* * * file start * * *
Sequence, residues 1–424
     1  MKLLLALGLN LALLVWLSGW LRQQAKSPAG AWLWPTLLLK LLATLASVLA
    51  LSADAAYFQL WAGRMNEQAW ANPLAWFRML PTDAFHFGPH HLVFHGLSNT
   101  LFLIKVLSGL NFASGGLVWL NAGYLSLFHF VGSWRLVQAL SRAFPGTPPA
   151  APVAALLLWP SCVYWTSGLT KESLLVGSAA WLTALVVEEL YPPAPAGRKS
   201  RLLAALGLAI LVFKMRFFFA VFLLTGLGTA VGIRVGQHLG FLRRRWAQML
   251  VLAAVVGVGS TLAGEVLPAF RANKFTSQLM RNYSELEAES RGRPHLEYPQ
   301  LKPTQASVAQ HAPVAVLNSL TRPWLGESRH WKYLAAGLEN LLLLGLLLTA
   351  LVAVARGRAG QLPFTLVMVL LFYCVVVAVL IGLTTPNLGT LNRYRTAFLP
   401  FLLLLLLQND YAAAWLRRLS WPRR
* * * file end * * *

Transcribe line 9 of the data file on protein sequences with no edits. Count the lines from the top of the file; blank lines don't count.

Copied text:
   351  LVAVARGRAG QLPFTLVMVL LFYCVVVAVL IGLTTPNLGT LNRYRTAFLP